Both serve as examples of how the Celts are no longer at the back of the line when it comes to being a potential destination for the best free agents. 
 
Of course it’s about sealing the deal, and getting the best free agents on the market under contract, and all that good stuff.
 
But before that can happen, Boston has to be seen as a place to even be seriously considered by free agents. That's exactly what we’re starting to see happen right now.
 
It’s easy to point to the Celtics having a ton of salary cap space, which in itself makes them a possible landing spot for players who we all know will be hauling in max to near-max salaries this offseason.
 
But there’s just one problem with that line of thought. More than half the league enters free agency with enough money to sign one max player.

The fact that Boston is on the short list for the summer’s top free agent (Durant) and have already secured a sit-down with one of the top centers (Howard) says a lot in terms of how far Boston has come in the eyes of players. 
 
And several factors point towards the Celtics getting an audience with other top-shelf free agents this summer if they fail to secure one or two of their top choices.
 
But let’s not kid ourselves. How others view this franchise is the reality of what the Celtics have to deal with when it comes to adding elite, upper-echelon talent like Durant.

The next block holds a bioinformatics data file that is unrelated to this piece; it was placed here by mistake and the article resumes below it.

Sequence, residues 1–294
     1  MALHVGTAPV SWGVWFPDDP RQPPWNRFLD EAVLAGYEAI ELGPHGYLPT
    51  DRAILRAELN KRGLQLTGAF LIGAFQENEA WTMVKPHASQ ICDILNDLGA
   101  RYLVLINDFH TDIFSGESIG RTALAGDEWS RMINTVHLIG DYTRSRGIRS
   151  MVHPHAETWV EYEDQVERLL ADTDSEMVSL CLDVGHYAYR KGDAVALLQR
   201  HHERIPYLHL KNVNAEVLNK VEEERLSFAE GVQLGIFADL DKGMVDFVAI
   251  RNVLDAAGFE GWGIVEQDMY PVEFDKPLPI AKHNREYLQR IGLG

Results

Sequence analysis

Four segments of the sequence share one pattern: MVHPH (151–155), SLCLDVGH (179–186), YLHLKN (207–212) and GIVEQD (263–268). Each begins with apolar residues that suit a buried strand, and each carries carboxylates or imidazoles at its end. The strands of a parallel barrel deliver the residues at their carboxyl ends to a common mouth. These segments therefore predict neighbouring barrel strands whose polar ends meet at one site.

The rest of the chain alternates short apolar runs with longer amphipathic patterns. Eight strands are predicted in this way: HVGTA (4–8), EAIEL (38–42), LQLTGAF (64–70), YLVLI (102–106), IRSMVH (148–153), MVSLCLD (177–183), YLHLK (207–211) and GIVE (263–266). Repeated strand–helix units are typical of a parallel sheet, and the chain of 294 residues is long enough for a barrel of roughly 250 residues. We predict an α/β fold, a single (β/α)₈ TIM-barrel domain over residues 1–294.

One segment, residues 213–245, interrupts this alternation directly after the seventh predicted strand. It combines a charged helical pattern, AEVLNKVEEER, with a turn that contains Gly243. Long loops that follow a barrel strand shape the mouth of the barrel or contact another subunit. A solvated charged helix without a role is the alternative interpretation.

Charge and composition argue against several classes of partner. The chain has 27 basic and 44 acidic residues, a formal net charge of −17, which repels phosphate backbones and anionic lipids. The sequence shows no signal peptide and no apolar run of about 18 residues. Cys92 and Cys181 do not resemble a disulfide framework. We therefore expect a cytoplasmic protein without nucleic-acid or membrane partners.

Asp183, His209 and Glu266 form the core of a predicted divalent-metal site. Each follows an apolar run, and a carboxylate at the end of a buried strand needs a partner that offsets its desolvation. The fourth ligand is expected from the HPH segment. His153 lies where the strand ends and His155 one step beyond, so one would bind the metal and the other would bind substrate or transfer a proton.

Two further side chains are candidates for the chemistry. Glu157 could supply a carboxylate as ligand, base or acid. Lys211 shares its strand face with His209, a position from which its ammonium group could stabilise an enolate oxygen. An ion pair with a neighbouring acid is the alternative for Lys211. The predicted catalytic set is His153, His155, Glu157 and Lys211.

The fact that Durant is willing to include Boston in his short-list of teams is a bit of a head-scratcher when you see that the Celtics are the farthest away from the group in terms of competing for an NBA title (although an argument can be made that they are neck-and-neck with the Miami Heat along those lines). Durant has said in the past that would be something he would be looking for in whatever team he signed with.
 
The biggest selling point the Celtics have to offer Durant or any other free agent (besides money) is that they are a franchise on the rise, they have stability on the floor with Brad Stevens as the head coach, and they have stability in the front office with Danny Ainge. Both Stevens and Ainge signed long-term extensions earlier this month. 
 
And one of the perks that players who come to Boston quickly discover is the fan base, which is about as rabid a group as you'll find in the NBA.
 
There’s no mistaking they wear their emotions on their sleeves, whether it’s cheering the team on following a season-ending playoff loss, or booing the owner after the team makes a draft pick they don’t particularly care for. 
 
They bleed green!
 
Add all those things up and it’s clear that Boston has the kind of environment, the kind of culture, where a star can come and thrive. 
 
The Celtics and their fans have known this for a while.
 
Now it seems some of the game’s best players are starting to catch on, as well.

OFFSEASON

Is it curious that Kevin Durant is even giving the Celtics an audience?

Is it curious that Kevin Durant is even giving the Celtics an audience?

Mike Felger, Dan Shaughnessy and Glenn Ordway wonder why the Celtics are even getting a meeting with Kevin Durant when free agency begins. Does it mean they have a legitimate chance of signing him?